Oh, I’ve done it all... badly. Washing pots & pans in hotel kitchens, busking on the street, the world’s worst waiter, 3 years in a HMV store, I was even a cinema manager….. I got fired from a lot of them haha. Music is the only job I’ve ever been good at.As it is a difficult process to keep things consistent and regular to keep revenue flow coming from your music; do you have particular habits during work to help keep the creative juices flowing?
Not really, I just work hard. I am very disciplined and am a firm believer that hard work is the answer to success. I usually spend 50-70 hours per week working on MOS. But yeah sometimes inspiration runs low and those can be challenging and frustrating times. It’s rare though!I once watched an interview with Elton John where he prefers writing music in flats as it just works best for him and his style. How would you describe your style in creating your music? Do you prefer writing melody then lyrics? Flats vs sharps? Or do you just improvise to see what works?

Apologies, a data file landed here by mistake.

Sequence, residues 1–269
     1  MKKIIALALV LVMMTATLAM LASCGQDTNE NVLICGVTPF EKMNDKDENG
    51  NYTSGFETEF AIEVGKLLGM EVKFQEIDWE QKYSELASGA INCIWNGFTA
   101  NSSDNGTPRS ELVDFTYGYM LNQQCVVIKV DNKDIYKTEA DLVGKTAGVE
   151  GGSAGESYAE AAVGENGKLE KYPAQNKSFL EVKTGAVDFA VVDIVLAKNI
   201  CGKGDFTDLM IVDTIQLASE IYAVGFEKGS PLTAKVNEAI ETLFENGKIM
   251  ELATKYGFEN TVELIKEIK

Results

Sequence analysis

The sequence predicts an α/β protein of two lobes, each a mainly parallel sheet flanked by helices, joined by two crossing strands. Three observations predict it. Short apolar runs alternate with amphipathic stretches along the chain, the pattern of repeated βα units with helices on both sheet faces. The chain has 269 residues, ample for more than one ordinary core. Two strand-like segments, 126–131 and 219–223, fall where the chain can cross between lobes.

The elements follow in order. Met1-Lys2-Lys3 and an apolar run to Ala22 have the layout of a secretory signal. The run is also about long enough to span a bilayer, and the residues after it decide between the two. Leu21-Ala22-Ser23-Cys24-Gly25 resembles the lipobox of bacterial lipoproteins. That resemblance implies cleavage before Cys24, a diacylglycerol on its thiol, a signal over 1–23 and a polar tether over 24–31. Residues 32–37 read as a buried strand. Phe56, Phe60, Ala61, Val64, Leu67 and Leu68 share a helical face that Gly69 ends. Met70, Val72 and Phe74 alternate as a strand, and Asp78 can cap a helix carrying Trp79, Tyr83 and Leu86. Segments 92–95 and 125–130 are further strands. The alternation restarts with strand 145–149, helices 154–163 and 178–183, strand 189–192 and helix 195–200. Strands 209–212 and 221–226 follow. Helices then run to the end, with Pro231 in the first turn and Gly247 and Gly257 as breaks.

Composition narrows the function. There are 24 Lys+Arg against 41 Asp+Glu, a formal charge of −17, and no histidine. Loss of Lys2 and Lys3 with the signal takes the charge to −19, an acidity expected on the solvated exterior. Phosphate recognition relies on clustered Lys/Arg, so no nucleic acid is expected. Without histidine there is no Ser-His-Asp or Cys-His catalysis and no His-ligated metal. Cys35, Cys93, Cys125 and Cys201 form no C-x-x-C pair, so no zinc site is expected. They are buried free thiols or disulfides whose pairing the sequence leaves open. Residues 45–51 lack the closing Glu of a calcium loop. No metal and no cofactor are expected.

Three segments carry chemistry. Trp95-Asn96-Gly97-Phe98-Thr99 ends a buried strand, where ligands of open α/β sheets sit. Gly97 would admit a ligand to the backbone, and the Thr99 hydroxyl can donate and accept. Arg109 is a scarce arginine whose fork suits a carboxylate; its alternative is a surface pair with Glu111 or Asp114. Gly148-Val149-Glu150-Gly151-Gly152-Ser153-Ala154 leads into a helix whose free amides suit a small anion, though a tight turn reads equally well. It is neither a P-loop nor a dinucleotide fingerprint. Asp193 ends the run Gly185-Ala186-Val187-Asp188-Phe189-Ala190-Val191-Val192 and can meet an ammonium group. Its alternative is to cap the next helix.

I work in complete chaos! I have no set method really, no structure to my work flow. Sometimes I do a melody first, sometimes it starts with a beat or a riff – I don’t really have any rules. My workflow is a chaotic mess. As for sharps and flats, I can’t read or write sheet music sooo... no real preference there that I know of. If you had to pick one, of all the styles you’ve written, which gives you the greatest challenges?
The biggest challeng for me is always coming up with a good chorus & hook that straddles that very thin line between catchy and singable, without becoming cheezy. It’s a very tricky thing to get right and I can spend hours or even days agonising over a song’s chorus. If your chorus doesn’t grab the listener then your song will probably not do very well.